Having nailed Jesus to the cross, the Roman soldiers would then have placed the cross in the hole which they had dug for it in the ground. Lifting the cross, they let it drop into the hole which they had dug for it. No doubt, as the cross on which Jesus hung fell into its hole, Jesus' body sagged against the nails. His flesh was torn by sagging against the nails. The pain must have been intense.

In addition to the physical pain which Jesus endured while hanging on the cross, there was also mental anguish. Can you imagine the horrible feeling which must have welled up inside of Jesus as He witnessed a crowd of people who gathered to watch Him die? My father has a picture of a public hanging which occurred in Groveton, Texas in the early 1900's. There must have been a thousand people (that is a lot of people for a town of one thousand) who had gathered to watch a man be hung. There was a similar crowd gathered to watch Jesus die.

The crowd hurled one insult after another at Jesus. "Ha! thou that destroyest the temple, and buildest it in three days, save thyself, and come down from the cross" (Mk. 15:29-30). "He saved others; let him save himself, if this is the Christ of God, his chosen" (Lk. 23:35). "And one of the malefactors which were hanged railed on him, saying, Art not thou the Christ? save thyself and us" (Lk. 23:39). Yet, Jesus endured these insults without so much as trying to retaliate.

As I think of what Jesus endured, I think of what I would have done had I been in His place. Had I been able to have as much power at my command as Jesus had, I would probably have spoken the word which would have caused some of those who railed the loudest to have died on the spot. I would not have been the meek lamb which Jesus was. But, my friend, Jesus did not act that way because He was paying the high price which Christianity cost.

Christianity came at a high price to Jesus. He had to shed His blood on the cross of Calvary ,in order that the sins of man might be forgiven. A greater price to be paid by Jesus cannot be imagined. He sacrificed more than His possessions; He gave His life for you and me.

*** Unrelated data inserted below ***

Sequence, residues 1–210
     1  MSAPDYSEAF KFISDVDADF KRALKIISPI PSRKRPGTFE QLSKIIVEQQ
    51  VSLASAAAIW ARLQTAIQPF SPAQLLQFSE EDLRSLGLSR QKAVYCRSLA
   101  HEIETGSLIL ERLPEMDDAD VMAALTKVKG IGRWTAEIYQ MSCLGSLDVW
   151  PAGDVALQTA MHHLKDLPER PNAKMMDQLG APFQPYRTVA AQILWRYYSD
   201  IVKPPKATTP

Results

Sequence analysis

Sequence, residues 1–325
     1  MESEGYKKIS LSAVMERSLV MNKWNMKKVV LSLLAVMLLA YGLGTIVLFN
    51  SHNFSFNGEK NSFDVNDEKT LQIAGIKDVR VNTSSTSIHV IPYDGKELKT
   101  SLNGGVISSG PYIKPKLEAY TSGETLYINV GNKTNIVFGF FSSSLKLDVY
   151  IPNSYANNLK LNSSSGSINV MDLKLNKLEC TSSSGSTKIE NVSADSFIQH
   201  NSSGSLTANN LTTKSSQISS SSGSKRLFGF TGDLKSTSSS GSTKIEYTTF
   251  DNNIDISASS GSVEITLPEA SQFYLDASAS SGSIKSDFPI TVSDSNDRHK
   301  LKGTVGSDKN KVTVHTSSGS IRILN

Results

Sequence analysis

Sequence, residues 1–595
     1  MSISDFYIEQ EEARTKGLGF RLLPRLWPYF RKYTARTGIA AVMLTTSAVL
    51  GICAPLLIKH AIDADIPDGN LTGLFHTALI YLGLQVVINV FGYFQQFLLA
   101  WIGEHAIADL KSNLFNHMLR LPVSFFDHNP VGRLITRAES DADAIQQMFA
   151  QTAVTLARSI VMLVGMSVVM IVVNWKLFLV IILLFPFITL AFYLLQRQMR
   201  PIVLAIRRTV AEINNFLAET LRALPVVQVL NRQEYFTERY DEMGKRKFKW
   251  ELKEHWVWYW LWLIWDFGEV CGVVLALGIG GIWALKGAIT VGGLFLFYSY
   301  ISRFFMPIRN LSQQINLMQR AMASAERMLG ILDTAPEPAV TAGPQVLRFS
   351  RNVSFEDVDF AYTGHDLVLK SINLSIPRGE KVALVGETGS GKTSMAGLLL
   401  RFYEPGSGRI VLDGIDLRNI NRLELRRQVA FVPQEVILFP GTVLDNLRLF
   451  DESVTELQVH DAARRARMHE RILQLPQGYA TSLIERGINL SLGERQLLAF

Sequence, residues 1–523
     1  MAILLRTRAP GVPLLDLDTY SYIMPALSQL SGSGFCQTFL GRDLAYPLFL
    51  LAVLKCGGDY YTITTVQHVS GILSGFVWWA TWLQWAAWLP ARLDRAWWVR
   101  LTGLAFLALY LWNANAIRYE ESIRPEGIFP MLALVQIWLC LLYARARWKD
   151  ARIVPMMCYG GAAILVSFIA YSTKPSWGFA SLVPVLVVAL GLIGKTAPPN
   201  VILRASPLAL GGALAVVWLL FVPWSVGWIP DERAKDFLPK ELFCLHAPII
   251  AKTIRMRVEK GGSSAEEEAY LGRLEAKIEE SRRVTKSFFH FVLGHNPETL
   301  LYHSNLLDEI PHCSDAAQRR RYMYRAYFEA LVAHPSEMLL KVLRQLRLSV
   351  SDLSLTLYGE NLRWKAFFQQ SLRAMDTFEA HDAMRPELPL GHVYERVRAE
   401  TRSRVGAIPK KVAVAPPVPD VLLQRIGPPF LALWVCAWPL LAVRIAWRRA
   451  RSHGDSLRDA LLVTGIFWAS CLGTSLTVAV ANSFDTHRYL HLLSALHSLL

The story of the cross is a story of love. God loved us enough to send His Son Jesus to die for our sins. Jesus loved us enough to go through the pre-crucifixion agonies as well as to die on the cross. We had done nothing to deserve the wonderful sacrifice of Jesus; instead, we had acted rebelliously against God, being counted as His enemies. Yet, God still loved us enough to plan the means whereby we could be saved.

Jesus said, "And I, if I be lifted up from the earth, will draw all men to Myself' (Jn. 12:32). When Jesus laid this, He was referring to His death. Jesus recognized that the story of His sacrifice in behalf of man was the drawing power of the gospel. That Jesus gave His life as a ransom for our salvation should cause us to love Him and want to express our sincere thanks for what He has done for us. The gospel which details the story of Jesus' love for us is the only power which God will use to bring men unto Him. If men are not emotionally touched by the story of Jesus and God's love for us, they are too hard-hearted to be saved.

My friends, Christianity came to man at a very high price. God gave His only begotten Son. Jesus gave His life for us. The price of Christianity was, indeed, very high. Yet, Christianity costs more than just Jesus' blood. There are some prices which man has to pay (not in the sense of earning his salvation) in order to be saved. We shall consider some of them next week.

Truth Magazine XXI: 41, pp. 659-670
October 27, 1977